Sharing Joe …
Sharing elements of Joe these past few months has both emptied and refilled my heart. Although, I’ll spare you of the details, be assured it has involved significantly more than his remains and there has been a steady mix of tears and laughter in the exercise. We are fuelled by each.
But perhaps one of the most meaningful measures taken in this process happened by chance … or was it?
In 2002 after enjoying an inspiring volunteer adventure in a Catholic Mission in central Belize, I returned home with my own mission. I promised to raise enough money to build a small church (chapel) in a small village called Calla Creek outside of Benque Viejo. The cost was estimated at $15,000 US.
The winter of 2003 was dedicated to fulfilling my promise as I spoke my way throughout, speaking to groups about the project. Joe was instrumental in providing leads for me through both the church and school board. Everyone was receptive to the plan and very generous with their support. By spring, although I had run out of ideas for raising more money and groups to address, I still had passion and energy to continue.
To reach my goal and raise the remaining $5,000, I soon decided to perform garden tasks for friends. I charged them for my work and agreed all money collected would go directly into the pot. Of course I knew very little about gardening. My dad used to do all mine. However since his death the year before, I regarded my newfound love of it as my inheritance.
(As a sidebar, the calls for my landscaping services continued and even though I informed them I no longer was collecting money for the church, each one responded with the likes of “then keep it for yourself.” I did and I kept answering their calls. My garden business, Yard Duty was created a year later as a result of this initiative.)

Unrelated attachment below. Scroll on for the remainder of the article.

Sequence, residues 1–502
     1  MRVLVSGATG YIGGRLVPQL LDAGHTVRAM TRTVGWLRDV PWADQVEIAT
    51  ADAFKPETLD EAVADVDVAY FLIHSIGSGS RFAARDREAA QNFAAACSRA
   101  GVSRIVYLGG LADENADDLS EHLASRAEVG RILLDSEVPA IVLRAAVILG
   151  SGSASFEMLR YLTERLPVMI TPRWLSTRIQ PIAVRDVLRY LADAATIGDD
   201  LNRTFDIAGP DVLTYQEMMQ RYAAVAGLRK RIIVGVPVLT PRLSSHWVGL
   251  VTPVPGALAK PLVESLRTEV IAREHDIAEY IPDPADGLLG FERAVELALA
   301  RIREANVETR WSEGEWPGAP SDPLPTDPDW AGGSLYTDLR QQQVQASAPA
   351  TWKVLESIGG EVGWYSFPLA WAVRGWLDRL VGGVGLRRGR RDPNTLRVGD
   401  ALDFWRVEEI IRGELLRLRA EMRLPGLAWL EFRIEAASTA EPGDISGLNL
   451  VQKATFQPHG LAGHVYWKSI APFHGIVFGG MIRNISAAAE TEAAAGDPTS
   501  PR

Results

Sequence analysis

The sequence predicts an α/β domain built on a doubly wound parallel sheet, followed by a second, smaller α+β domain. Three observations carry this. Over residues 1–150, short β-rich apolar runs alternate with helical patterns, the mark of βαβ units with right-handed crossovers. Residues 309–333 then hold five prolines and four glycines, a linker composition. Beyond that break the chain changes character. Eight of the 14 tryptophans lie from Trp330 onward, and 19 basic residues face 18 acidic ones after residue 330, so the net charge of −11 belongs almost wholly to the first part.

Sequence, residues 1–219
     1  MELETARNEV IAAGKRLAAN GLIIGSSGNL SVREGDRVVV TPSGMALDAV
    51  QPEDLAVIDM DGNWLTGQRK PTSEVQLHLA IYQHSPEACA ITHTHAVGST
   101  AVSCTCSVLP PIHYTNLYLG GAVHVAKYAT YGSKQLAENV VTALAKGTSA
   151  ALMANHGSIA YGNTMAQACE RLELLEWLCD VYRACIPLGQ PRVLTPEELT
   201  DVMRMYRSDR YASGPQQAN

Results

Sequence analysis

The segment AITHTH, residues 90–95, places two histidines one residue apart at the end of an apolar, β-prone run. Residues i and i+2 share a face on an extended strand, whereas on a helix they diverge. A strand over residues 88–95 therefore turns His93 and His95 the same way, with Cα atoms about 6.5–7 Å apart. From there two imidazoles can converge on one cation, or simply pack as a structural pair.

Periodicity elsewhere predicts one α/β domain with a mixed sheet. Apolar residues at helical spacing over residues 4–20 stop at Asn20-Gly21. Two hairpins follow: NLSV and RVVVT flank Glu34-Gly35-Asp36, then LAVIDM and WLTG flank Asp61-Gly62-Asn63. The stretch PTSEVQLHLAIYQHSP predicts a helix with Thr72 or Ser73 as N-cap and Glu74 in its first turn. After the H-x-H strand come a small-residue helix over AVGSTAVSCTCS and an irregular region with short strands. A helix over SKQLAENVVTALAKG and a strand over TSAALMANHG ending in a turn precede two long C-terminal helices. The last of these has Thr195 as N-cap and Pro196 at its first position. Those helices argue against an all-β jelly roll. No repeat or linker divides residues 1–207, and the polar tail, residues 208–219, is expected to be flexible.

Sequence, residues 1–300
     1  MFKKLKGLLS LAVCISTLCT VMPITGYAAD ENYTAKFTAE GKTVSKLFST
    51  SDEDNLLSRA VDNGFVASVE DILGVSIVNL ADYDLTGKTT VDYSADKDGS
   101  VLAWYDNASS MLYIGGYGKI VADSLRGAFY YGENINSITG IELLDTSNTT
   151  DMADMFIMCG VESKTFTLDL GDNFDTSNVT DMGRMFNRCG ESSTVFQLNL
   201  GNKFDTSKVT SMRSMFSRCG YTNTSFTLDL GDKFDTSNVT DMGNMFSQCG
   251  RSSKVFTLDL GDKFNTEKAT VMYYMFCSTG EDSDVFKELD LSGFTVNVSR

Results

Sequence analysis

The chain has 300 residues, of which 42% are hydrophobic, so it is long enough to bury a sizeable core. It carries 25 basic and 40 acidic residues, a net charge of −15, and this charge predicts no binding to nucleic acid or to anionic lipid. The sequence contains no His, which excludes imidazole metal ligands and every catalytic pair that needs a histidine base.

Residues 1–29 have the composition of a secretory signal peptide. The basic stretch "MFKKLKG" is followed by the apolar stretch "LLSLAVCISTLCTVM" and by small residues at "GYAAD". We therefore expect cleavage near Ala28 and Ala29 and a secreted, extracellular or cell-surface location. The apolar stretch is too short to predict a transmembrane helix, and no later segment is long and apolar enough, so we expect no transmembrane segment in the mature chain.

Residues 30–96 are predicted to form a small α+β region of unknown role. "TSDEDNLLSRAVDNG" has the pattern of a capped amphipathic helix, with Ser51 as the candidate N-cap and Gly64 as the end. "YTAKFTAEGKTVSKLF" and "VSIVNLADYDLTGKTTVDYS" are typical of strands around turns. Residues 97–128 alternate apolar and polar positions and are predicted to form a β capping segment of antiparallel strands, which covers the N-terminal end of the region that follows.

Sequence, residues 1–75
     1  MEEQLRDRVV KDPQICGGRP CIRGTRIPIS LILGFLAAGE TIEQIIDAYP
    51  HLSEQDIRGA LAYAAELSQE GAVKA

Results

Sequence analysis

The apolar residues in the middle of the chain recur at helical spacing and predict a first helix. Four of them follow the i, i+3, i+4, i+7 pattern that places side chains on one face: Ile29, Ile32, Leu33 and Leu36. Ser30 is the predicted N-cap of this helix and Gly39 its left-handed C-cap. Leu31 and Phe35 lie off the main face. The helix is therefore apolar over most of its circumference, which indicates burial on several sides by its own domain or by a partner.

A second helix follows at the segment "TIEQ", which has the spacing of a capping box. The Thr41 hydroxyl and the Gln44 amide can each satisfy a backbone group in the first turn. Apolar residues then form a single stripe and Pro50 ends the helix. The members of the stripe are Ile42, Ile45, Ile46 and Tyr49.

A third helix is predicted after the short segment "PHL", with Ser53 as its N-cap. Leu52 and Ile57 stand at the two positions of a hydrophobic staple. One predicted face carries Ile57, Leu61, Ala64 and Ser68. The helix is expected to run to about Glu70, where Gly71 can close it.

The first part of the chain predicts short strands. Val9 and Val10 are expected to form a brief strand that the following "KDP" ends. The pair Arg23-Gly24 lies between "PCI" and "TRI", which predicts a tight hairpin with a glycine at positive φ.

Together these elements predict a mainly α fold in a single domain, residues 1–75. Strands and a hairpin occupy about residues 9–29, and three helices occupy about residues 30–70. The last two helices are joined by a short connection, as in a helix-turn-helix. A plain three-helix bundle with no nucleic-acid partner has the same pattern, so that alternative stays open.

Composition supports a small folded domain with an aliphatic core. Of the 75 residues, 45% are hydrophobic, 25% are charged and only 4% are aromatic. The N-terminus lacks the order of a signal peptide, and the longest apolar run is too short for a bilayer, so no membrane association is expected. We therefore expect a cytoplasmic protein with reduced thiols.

Fast forward to this past November. The Knights of Columbus held a memorial mass in honour of their ‘Brothers’ who had passed away in 2017. Joe, being a 4th Degree Knight (please don’t ask me for clarification) was one of the honourees. At the end of the mass, family members were called up and presented with a gold Ciborium (chalice), engraved with the name of their loved one.
Surprised by the gift, I was then informed that although given the chalice, we were encouraged to then donate it to a priest, a local church or even one in another country. Considered a sacred vessel, it should be used as such … to serve Communion.
When asked where I might send it, I was caught off guard but immediately said, “well I did volunteer in a Catholic Mission …” and thinking of the beautiful and intimate church in Benque, I was then reminded of my personal project to build a church in the nearby village. Perhaps Joe was nudging me as the reminder, but I lit up with the realization.
On December 29th, the chalice engraved with Joe’s name was delivered to Fr. Mark Wendling who happened to be home for Christmas in Burlington. He in turn, transported it to Chicago where he handed it over to a volunteer soon to return to Belize. The chapel in Calla Creek is now home to the chalice engraved in Joe’s memory.
Joe continues to serve.